What Happened on Remand: No Relief for Demetrius Jackson. State v. Jackson.
Demetrius Jackson was arrested for raping 14-year-old C.H. While Jackson was in the county jail, he was interviewed by a Cuyahoga County Division of Children and Family Services social worker, who did not give Jackson the Miranda warnings. Jackson told the social worker that he had had consensual oral sex with C.H., and that he thought she was at least 21 years old.
At a bench trial, over Jackson’s objection, the social worker was allowed to testify as to Jackson’s statements from the jail interview. Jackson was convicted of two counts of rape and related offenses, and sentenced to eleven years in prison.
Court of Appeals Decision
In a split decision, the Eighth District Court of Appeals reversed Jackson’s conviction. The majority held that the social worker had violated Jackson’s Fifth and Sixth Amendment rights by failing to give him the Miranda warnings and by conducting the interrogation outside the presence of his lawyer. The dissenting judge would find that Jackson’s constitutional rights were not violated because the social worker was not acting as an agent of law enforcement in this situation.
Supreme Court of Ohio Reverses and Remands
In a 6-1 decision handed down on June 7, 2018, in which Justice Kennedy concurred in judgment only and Justice DeGenaro dissented, the Supreme Court of Ohio reversed the Eighth District, holding that a social worker’s statutory duty to cooperate and share information with law enforcement with regard to a child abuse investigation does not, without more, make the social worker an agent of law enforcement for Fifth and Sixth Amendment purposes, and thus no Miranda warnings had to be given in this situation. The case was returned to the Court of Appeals to decide the remaining assignments of error which the appeals court had found moot in light of its ruling.
There were two unresolved assignments of error to decide on remand. The first was that Jackson’s Sixth Amendment Confrontation rights were violated when the state introduced an alleged hearsay statement through a testifying police officer. The second was that Jackson’s convictions were against the manifest weight of the evidence. In a decision authored by Judge Eileen A. Gallagher, the appeals court rejected both assignments of error and upheld the conviction and sentence. Judge Sean C. Gallagher concurred in judgment only. Judge Mary Boyle also concurred in judgment only, and concurred in Judge Sean Gallagher’s separate opinion.
A Cleveland police officer was allowed to testify that when he responded to the scene, C.H. told him she had been raped. Jackson argued that was impermissible hearsay. The lead opinion rejected that argument, finding the statement met the three necessary requirements for admissibility as non-hearsay for the purpose of explaining the next step in a police investigation. The lead opinion then went on to find that even if the statement was inadmissible, its admission here was harmless error for two reasons. The trial judge, in this bench trial, stated the court would not consider the statement as evidence to establish that C.H. was raped. And C.H. testified at trial herself, and testified that she was raped, making the officer’s testimony cumulative, and its admission harmless.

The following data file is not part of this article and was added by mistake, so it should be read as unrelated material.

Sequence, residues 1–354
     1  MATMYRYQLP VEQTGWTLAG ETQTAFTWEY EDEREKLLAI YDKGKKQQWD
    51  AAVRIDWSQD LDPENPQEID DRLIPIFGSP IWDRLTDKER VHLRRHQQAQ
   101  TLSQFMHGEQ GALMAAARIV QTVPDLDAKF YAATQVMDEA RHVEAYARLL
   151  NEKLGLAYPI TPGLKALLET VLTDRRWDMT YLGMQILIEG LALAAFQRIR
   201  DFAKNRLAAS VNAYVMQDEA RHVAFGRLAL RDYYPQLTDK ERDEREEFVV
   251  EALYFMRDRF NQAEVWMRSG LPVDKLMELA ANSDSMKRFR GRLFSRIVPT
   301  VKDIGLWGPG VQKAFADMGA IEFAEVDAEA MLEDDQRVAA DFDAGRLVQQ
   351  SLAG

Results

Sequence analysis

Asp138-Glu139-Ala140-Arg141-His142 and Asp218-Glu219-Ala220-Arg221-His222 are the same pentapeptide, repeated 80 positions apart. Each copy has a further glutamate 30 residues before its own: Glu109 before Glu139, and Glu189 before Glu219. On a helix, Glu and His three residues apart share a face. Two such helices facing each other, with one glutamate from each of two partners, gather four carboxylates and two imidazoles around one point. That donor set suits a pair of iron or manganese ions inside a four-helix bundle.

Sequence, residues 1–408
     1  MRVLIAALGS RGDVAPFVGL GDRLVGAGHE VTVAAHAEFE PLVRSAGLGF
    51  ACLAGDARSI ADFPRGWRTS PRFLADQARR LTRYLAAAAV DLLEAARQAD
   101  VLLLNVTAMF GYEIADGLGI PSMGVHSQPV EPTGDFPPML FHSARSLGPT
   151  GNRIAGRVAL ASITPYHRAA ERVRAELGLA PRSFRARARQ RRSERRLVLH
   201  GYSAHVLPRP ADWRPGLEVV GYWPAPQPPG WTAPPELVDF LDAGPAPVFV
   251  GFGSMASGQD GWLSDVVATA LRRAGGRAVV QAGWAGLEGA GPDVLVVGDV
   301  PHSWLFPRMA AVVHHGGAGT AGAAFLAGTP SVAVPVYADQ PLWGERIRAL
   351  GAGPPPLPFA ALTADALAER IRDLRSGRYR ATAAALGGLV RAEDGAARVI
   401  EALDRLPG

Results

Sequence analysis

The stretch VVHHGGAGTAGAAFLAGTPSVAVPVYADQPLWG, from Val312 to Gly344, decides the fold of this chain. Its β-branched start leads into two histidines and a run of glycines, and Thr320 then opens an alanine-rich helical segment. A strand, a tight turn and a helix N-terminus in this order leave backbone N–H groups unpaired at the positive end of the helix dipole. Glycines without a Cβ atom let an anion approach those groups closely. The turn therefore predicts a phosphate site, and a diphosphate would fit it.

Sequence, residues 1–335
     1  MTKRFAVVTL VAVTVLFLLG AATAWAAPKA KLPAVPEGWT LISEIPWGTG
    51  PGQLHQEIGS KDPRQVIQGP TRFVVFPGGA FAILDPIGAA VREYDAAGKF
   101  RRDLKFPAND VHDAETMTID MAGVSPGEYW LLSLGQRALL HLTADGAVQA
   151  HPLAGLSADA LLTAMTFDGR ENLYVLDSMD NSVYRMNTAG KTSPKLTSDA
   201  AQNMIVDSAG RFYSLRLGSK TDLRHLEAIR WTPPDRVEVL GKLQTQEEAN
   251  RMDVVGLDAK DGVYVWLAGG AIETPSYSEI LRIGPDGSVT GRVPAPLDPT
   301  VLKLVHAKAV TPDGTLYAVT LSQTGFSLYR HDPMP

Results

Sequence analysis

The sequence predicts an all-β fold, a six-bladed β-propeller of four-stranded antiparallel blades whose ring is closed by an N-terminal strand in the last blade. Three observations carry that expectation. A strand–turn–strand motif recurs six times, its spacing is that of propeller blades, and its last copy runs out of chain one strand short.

Judge Sean Gallagher would find the officer’s testimony was inadmissible hearsay, offered for the truth of the matter asserted rather than to explain police conduct. But he agreed with the lead opinion in its reasoning and conclusion that any error in its admission was harmless here. Judge Boyle agreed with this separate opinion.
Jackson challenged the credibility of C.H.’s account of the incident, and the fact that the investigating officers failed to collect C.H.’s underwear for examination. The trial judge as factfinder in this bench trial found C.H.’s testimony to be credible, and Jackson’s not, particularly in light of the fact that the 14 year old victim fled from the scene after her encounter with Jackson. As in any weight-of-the evidence challenge, the credibility of witnesses is primarily for the trier of fact to assess. The appeals court did not find the judgment to be against the manifest weight of the evidence in this case. On this assignment of error, the judges were unanimous.
Conviction and sentence upheld.